Bieber complains about the Paparazi but says he Loves his Israeli fans and calls Israel “Beautiful”
The Sota Project is an art book that accompanies Israeli Artist Ofri Cnaani’s latest video installation of the same name. The book retells an anonymous story from the Talmud about two sisters named Sota and Bekhorah, living in separate villages, but bound together in symbiotic loyalty amidst a backdrop of jealousy, betrayal, deception, societal judgment, ritual humiliation and ultimately death.
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GO ISRAEL: Political outlooks, dogged preconceptions and safety concerns can obscure Israel’s appeal as one of the most fascinating, culturally diverse and historically significant places to visit in the world, writes CIAN TRAYNOR
IT’S AN ANCIENT holy land dogged by conflict yet a country young enough to have its founders’ offspring answer your questions. Its narrow terrain means the lush topography of the north is dotted by boutique wineries, while the deserts of the south are a playground of adventure sports and year-round sunshine.
At the country’s heart is Jerusalem, an epicentre of faith and tension where souls and soldiers co-exist. The best place to take it in is from the Mount of Olives, a 3,000-year-old plateau overlooking the sand-coloured four quarters of the old city – Jewish, Muslim, Armenian and Christian – where several religions have claimed a piece of sacred real estate.
There’s the Cenacle, an empty room of sweeping arches and stained-glass windows said to be the site of the Last Supper, and the gleaming Dome of the Rock, which stands over the point where Muslims believe Muhammad ascended to heaven.
Add to that the Temple Mount and Western Wall, the holiest sites in Judaism, and the historical significance of the city is enough to pimple the skin, whatever your religious background.
Stepping inside the Church of the Holy Sepulchre, traditionally taken as the place of Jesus’s crucifixion, burial and resurrection, is like ducking into another world. It’s a jumble of altars and chapels, brimming with incense and oil lamps, where each community adheres to a rigid schedule for times and places of worship.
That equilibrium is symbolised by a small wooden ladder resting above the graffiti-covered east entrance. The Sepulchre’s primary custodians are the Greek Orthodox, Armenian Apostolic and Roman Catholic churches. After the Coptic, Ethiopian and Syriac Orthodox churches acquired periphery holdings in the 19th century, the 1853 status quo agreement forbade any further changes. The ladder has remained untouched ever since.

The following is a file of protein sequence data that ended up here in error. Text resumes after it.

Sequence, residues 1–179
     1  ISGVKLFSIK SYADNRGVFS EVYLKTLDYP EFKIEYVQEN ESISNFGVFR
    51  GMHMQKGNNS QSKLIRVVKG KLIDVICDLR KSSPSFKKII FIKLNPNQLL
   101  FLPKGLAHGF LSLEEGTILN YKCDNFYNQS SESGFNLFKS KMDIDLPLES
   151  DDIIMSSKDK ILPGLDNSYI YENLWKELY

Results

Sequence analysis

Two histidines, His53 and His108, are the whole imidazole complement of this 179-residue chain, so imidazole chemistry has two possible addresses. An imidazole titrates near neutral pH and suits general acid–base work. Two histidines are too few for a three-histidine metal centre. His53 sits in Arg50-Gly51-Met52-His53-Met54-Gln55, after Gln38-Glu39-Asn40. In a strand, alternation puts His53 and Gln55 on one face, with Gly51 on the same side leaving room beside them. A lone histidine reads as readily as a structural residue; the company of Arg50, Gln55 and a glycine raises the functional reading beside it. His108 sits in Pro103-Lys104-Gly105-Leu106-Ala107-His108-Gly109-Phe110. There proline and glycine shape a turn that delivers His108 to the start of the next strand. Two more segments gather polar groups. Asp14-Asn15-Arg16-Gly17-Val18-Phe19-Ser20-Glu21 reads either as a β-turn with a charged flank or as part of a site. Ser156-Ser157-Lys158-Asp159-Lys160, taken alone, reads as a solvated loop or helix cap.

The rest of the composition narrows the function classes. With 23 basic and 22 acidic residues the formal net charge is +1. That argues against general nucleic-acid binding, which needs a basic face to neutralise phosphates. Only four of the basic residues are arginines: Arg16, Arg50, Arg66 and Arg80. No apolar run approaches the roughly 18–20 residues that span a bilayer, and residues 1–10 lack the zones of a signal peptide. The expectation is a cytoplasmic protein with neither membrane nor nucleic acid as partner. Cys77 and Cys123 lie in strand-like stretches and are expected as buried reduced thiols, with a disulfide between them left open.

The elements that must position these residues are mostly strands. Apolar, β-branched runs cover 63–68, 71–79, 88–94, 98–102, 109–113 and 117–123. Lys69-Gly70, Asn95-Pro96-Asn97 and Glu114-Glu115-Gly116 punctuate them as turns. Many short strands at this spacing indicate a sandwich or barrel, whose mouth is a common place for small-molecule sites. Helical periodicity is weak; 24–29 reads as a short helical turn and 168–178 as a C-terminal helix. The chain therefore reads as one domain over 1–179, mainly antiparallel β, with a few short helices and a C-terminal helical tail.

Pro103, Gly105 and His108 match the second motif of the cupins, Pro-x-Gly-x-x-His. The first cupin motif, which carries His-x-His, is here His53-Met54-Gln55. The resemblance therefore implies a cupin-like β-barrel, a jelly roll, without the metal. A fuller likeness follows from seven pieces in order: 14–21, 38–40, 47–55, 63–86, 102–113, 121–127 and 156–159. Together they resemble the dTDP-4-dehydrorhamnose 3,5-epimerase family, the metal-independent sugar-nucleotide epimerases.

By contrast, the Western Wall, a site of Jewish pilgrimage for centuries, is sparse and heavily guarded. There are separate entrances for men and women, and both are expected to cover their heads upon approaching.
The sight is engrossing: Orthodox men dressed in black with wide-brimmed hats or sable-fur shtreimels, their children with side curls and skull caps, lining up to stuff slips of paper into the wall’s 2,000-year-old crevices. Each note contains a prayer, more than a million of which are collected each year and buried in the Mount of Olives.
There’s an unexpected sense of serenity as you snake through the streets of Jerusalem, even when navigating around processions of pilgrims retracing the footsteps of Jesus. If there is any fragility to warrant a constant state of alert, it wasn’t detectable during my stay. (However, within a week a bomb blast killed one and injured 30 – the first such incident in seven years.)
SECURITY CHECKS are a normal part of life in Israel. Privately hired guards protect the entrances to bars, restaurants, shopping centres and cinemas. At airports, the security process is considerably more thorough than either the US or Japan, and don’t be surprised if locals shrug off your tales of 20-minute interrogations as “not that bad”.
Having repeatedly promised to show me the best falafel in the country – a topic passionately argued over by most Israelis – my guide led me through the market stalls of the Muslim quarter to a grubby kitchenette unadorned with signs. People begin queuing here from 9am and the owner closes for the day as soon as the falafel run out, which was the case when we arrived at lunchtime.
Chunky hummus with olive oil, lemon juice, beans and cumin wiped up with thick pitta bread made for a filling alternative but, perhaps sensing an anticlimax, the owner returned with a grin and a plate of specially prepared falafel soft enough to melt in the mouth.
The influx of different cultures and ethnicities behind Israel means there’s no national cuisine as such, but more of a national fusion. At just about every hotel, breakfast involves tackling a buffet spread of figs, dates, salads, soft cheeses, onions, yoghurts, smoked and salted fish, grainy bread, shakshouka ( a spiced egg and tomato dish),bourekas (puff pastry with savoury fillings), cakes, lemonade, juices and coffee.
Though there are plenty of restaurants catering to typical western fare, eating in a kosher establishment means either forsaking meat or dairy on the menu, as the two cannot be served together. Nowhere is this more apparent than at Yad Vashem, Israel’s official memorial to victims of the Holocaust, where there are separate canteens for each food type.
The museum documents victims’ experiences with a meticulously assembled collection of diaries, artefacts, photographs and testimonies – interwoven personal histories that make for a hard-hitting experience. Just as comprehensive is the recently refurbished Israel Museum, where a full day’s visit wouldn’t be enough to absorb the impressive array of art and archaeology, from Duchamp to the Dead Sea Scrolls.
The Dead Sea itself is a 90-minute drive away, beyond the West Bank town of Jericho, where the landscape begins to empty into desert. After winding past shanty Bedouin communities, crumbling sinkholes and the occasional burst of olive trees, you arrive at the lowest point on earth – 423m below sea level – where a white perimeter of crystallised salt lines the sea’s azure waters. Though the Dead Sea’s buoyancy makes for perfect floatation, its 33 per cent salt content will turn your swimwear into cardboard when left out to dry.
Some hotels, such as Le Méridien and the Leonardo Club, retain strips of the beach exclusively for their guests. Arguably the best time to take advantage is in the early evening, when the water is empty and still feels warm to Irish sensibilities.
Floating out in silence as the reflection of Jordan’s hills tints darker and darker in the dusk, the panorama becomes amplified. It’s a blissful experience only interrupted by the F-16 fighter jets that regularly thunder across the sky. “There go my taxes,” cries a voice in the distance.